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Archive for June, 2008

My girlfriend moved to Florida yesterday (I live in Pennsylvania). I was feeling a little sad and some friends invited me over last night.

As I was driving there I noticed how amazing the sky looked, full of clouds, some beautiful, some violent and dark, some welcoming, some threatening.

And I had…an experience. I’ve tried to put words to it and I’ve gotten close, but you’ll either read them and get it or you won’t:

Because there is nothing, I have everything.

Like I said, it’s close but not exactly it. It wasn’t a happy experience and it wasn’t a sad experience. It was more like a deep understanding of the essence of life.

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Today is my friend Scott‘s birthday. I called his cell phone on a whim to see what would happen. I received an automated message:

“The Verizon customer you are trying to reach is unavailable. Please try again later.”

Context is a funny thing.

I was hoping the number had been reassigned and that I’d connect to some stranger. I thought of a voicemail Scott once left for me about how he’d been trying to call his friend Justin, and he dialed one number wrong. Scott was so excited because he connected with “a chick named Wendy” and had a great conversation with her. Scott’s epiphany was that we are all just one number away from connecting to people outside our circle. Pretty cool.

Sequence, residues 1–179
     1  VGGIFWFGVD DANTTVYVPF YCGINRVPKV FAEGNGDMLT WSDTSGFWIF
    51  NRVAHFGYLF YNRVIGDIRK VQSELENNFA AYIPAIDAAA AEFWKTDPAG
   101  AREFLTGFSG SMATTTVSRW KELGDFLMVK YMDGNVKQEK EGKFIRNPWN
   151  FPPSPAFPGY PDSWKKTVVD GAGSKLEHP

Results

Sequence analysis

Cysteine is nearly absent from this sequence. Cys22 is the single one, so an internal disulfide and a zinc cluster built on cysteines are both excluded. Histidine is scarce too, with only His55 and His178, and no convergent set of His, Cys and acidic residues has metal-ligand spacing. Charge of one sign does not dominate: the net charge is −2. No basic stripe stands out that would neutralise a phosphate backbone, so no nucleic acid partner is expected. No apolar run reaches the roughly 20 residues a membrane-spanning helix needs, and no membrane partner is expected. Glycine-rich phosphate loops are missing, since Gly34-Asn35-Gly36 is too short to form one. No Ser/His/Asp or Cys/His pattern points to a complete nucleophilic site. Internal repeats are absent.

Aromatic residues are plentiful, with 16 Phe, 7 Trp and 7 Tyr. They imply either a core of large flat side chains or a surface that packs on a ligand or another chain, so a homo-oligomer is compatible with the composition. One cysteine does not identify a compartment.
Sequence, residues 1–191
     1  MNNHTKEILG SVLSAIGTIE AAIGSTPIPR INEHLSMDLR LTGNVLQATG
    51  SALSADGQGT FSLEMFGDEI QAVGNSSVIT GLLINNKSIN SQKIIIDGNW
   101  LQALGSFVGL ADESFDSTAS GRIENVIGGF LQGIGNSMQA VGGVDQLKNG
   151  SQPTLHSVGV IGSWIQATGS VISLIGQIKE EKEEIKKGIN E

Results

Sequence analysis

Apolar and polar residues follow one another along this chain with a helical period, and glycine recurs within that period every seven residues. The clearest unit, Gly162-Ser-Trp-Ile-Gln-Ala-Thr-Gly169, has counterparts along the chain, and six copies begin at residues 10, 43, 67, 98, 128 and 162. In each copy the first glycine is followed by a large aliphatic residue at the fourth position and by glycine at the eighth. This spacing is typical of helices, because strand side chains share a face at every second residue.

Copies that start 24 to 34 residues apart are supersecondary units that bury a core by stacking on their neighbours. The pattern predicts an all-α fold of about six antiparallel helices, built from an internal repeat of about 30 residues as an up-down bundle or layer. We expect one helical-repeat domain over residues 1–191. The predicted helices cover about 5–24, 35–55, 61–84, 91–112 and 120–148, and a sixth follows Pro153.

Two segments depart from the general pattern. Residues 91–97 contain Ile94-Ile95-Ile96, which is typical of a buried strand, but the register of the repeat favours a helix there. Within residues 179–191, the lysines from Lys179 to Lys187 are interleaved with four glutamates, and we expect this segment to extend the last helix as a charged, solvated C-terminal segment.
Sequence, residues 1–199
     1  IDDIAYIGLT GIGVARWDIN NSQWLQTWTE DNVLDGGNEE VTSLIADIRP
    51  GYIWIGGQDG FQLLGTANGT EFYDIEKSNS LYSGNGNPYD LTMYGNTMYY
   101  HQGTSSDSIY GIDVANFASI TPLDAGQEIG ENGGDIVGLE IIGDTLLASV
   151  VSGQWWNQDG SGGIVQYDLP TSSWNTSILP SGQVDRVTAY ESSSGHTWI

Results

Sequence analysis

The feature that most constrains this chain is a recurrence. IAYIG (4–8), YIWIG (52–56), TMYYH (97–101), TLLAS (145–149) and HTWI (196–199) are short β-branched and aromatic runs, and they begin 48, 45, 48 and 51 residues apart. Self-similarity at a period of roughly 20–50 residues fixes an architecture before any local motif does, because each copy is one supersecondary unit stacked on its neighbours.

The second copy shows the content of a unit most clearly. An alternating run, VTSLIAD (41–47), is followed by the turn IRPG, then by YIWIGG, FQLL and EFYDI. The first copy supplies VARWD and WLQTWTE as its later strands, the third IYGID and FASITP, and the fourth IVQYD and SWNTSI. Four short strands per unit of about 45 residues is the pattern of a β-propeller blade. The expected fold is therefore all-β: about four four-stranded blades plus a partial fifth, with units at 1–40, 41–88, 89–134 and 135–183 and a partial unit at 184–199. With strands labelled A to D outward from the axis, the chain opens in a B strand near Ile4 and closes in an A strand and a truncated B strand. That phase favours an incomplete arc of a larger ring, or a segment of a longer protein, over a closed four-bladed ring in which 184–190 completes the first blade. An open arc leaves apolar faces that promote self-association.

I’ll try again next year.

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I had no idea when I began these 100 Days of Peace in Uncertainty where I would find myself on Day 100. And I haven’t yet reviewed my early posts, but my sense is that my relationship to uncertainty is unrecognizable from what it was 3+ months ago. It feels so good.

This whole exploration of my relationship to uncertainty was really about my relationship to fear. I see that clearly. I may have understood that conceptually — “of course uncertainty is about fear” — but I get it on a deep experiential level now.

What it feels like is this: I’d been walking through mud before, slowed down by this mucky muck of fear and uncertainty. Now I walk freely — or if not freely then freer. I don’t mind so much that I have no idea what tomorrow will bring. It is enough to be here today. I still enjoy imagining grand tomorrows, but I don’t so much worry about what if tomorrow is not so grand.

Today is a heaven if I choose it to be. And more and more I am aware of my power to choose.

I intend to begin my next 100 Days of Peace very soon. In the meantime, I may add to this post as I reflect more on these past 100 Days.

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I’ve been watching my two nieces 4 days a week for the past few weeks. Today my 5-year-old niece asked me, “Uncle Curtis, you know what your problem is?”

I love how direct and unfiltered children can be. And I value their perspective tremendously, especially this niece. So I gave her my attention. “Please tell me.”

“You take us to too many places. As soon as we’re having fun we have to leave to go somewhere else.”

Boy, did she hit the nail on the head. I’ve recognized this tendency to try to cram way too much into my life. And I’ve experienced the value of slowing down, something I’ve written about in this blog.

And to have it mirrored back to me by a child was humbling and powerful.